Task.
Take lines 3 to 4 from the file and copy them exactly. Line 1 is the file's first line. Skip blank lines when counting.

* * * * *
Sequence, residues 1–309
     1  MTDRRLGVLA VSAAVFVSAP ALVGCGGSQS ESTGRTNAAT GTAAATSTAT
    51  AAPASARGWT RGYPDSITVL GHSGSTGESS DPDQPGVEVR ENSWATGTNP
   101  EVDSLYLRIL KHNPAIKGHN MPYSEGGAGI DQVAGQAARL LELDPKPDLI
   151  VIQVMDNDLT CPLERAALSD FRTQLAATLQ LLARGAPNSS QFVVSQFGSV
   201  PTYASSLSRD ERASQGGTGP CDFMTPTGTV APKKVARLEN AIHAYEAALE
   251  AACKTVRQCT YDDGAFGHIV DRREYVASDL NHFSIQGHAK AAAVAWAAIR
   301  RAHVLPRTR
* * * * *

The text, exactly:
    51  AAPASARGWT RGYPDSITVL GHSGSTGESS DPDQPGVEVR ENSWATGTNP
   101  EVDSLYLRIL KHNPAIKGHN MPYSEGGAGI DQVAGQAARL LELDPKPDLI